We are bombarded with a constant stream of sensory information every single micro second of the day. It is our brain’s job to interpret and organise this sensory information, make meaning of it and produce an appropriate motor output or emotion.
Take a moment to think about all the sensory input you are currently blocking out to read this article. Are you blocking out certain noises that you can now bring your attention to because I have made you ‘aware’ of them? The human brain is amazing! A well functioning brain will ‘tune out’ to unimportant sensory information. The brain has to prioritise and be selective in the amounts of sensory input it processes and responds to, to avoid a bombardment of sensations and information overload.
Children with autism however, commonly experience difficulty organising, processing and filtering the sensory input. They may not have the ability to ‘tune out’ to the unimportant sensory information such as a tag on a t-shirt, the bright fluorescent light or the hum of the air conditioner.
For many children on the autism spectrum the world is too bright, too loud, too scratchy, too fast or too smelly. The world is confusing, unpleasant and in many cases deeply irritating.
Does your child experience challenges with brushing their teeth, combing their hair, cutting their toenails, eating certain textures, the sound of the vacuum, the blender, or wearing woollen jumpers? These everyday experiences can trigger an eruption of emotions in a child who has difficulty processing sensory information. It can cause a meltdown of hitting, biting, kicking, screaming or crying behaviours because the sensory experience is SO overwhelming and SO deeply irritating.
These so called ‘difficult’ behaviours are completely involuntary (and misunderstood). The response to a perceived threat is automatic and the child loses control over their body, just as you would if you were frightened in a dark alley way. You would probably jump, scream, run, kick or cry. Well, the hitting, kicking, screaming and maladaptive behaviours that form part of a sensory meltdown are not ‘bad behaviours’, rather, the child’s default mechanism because they are living in a constant state of stress. They are always on high alert, waiting for the next loud noise to startle them or the next repulsive smell to trigger a gag reflex.
When a child is constantly in this heightened state of arousal, and their body is constantly geared for fight, flight or freeze, it is no wonder why these children aren’t paying attention in class. It starts to make perfect sense why they can’t listen well, follow instructions, play appropriately or sit still and complete their work like every other child in the classroom. Put plain and simply, it is just not their priority! Their priority is survival. They are focussed so intensely on the deeply irritating sensory experience, that following instructions and paying attention is not even on their radar. There is just no way a child is able to take in new information for learning if the tag on the back of their shirt feels like a spider, the fluorescent light is blinding like strobe light or the air conditioner hum sounds like a mosquito stuck in their inner ear. No way!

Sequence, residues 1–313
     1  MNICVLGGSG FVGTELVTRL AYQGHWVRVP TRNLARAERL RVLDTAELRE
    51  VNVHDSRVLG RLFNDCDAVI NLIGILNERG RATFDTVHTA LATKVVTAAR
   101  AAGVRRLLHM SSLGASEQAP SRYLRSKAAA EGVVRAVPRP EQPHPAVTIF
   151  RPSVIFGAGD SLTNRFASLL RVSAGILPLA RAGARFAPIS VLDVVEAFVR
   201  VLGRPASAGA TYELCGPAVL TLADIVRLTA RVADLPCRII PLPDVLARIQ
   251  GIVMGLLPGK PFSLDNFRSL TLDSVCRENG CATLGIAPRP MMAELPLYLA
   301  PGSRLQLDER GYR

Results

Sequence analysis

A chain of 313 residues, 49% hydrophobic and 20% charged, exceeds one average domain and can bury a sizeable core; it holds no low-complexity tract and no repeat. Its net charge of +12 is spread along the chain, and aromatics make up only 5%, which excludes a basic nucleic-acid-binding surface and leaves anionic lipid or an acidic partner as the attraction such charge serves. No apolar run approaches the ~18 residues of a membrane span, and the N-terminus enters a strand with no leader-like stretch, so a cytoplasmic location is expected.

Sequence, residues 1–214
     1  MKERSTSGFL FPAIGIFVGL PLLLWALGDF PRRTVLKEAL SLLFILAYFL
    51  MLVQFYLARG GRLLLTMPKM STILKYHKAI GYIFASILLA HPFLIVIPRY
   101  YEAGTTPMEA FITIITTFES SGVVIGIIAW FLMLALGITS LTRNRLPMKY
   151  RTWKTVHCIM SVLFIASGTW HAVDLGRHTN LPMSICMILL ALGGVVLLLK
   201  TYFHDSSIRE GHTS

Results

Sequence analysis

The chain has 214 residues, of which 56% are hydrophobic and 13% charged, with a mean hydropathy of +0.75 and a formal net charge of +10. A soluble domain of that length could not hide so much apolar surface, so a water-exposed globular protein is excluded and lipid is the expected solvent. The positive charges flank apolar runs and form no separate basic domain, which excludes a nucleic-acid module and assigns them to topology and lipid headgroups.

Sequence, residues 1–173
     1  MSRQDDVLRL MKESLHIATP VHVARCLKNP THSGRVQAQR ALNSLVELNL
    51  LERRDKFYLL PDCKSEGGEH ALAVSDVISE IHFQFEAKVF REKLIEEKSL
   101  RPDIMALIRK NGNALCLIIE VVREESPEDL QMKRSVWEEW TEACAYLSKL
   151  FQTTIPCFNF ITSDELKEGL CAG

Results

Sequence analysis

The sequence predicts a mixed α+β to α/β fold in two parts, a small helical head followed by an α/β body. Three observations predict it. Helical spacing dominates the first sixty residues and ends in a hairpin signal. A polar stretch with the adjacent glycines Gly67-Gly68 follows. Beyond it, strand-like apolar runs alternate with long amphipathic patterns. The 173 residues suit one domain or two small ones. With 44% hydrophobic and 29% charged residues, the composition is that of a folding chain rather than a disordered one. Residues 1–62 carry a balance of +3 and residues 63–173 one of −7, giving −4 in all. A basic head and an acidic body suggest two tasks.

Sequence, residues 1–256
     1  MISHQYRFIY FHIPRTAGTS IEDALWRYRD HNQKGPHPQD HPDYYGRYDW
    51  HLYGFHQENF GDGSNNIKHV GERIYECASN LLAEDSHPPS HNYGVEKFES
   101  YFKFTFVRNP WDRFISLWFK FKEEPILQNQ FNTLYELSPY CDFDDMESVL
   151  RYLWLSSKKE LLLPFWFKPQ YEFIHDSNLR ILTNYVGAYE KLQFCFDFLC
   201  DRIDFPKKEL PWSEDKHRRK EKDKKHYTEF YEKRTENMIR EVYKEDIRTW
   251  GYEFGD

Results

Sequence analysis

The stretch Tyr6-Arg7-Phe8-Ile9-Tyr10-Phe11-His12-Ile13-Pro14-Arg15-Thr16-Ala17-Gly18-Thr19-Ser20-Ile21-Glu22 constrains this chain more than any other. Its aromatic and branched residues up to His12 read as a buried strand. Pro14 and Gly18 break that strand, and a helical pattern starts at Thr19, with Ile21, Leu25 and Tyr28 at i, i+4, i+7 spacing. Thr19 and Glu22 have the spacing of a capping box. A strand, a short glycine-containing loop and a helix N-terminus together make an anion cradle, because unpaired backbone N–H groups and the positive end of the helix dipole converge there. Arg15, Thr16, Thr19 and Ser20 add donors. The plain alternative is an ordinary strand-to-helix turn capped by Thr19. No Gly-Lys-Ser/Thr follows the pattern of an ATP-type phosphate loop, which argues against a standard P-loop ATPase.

When we come from this place of understanding and start to view life through their eyes, the behavioural outbursts start to make much more sense.
Your job as the parent is to be the detective and investigate what exactly is going on. Next time your child goes into shut down mode, has a meltdown or runs away and hides under a table, I want you to ask yourself “what is the trigger”? When you can identify the trigger you can put an action plan in place.
These are the red flags that your child is over responsive to sensory input.
- Tactile: dislikes messy play, resists brushing teeth or hair, picky eater, resists wearing certain clothing (long sleeves, socks, hats, shoes), avoids walking barefoot, walks on tiptoe, resists having fingernails or toenails cut, dislikes water on the face or washing hair.
- Movement: dislikes movement based activities, fear of heights, dislikes car rides.
- Proprioception: dislikes active games (which may involve running, hopping, skipping or jumping), avoids hugs, rigid and tense.
- Visual: over-responds to sunlight or fluorescent lights, avoids eye contact, gets distressed by flickering lights.
- Auditory: reacts negatively or over reacts to loud unexpected sounds, over reacts to daily household noises (vacuum cleaner, lawn mower, toilet flushing).
- Smell: over reacts to certain odours, smells odours others don’t notice
- Taste: picky eater & limited diet, over reacts, gags or refuses certain food or food textures, prefers bland foods, preference for hot or cold foods.
The short term goal is to reduce the sensory input in the environment (where possible) which triggers the challenging behaviours.
The long term goal is to increase your child’s tolerance to the unpleasant stimulus in a safe and controlled environment. For example, if your child experiences massive anxiety every time they hear the school bell, record the sound on your phone and get them to listen to the recording at the lowest possible volume (and even at the other side of the room if necessary) until they can gradually increase the volume so they can tolerate it without experiencing feelings of stress.
You Can Make a Difference
The most important take home message I want you to remember is to RESPECT your child’s experience. It is VERY REAL to them.
And finally, remember that when you are empowered with knowledge and understanding, YOU can make a difference from homebase.
With love and hope,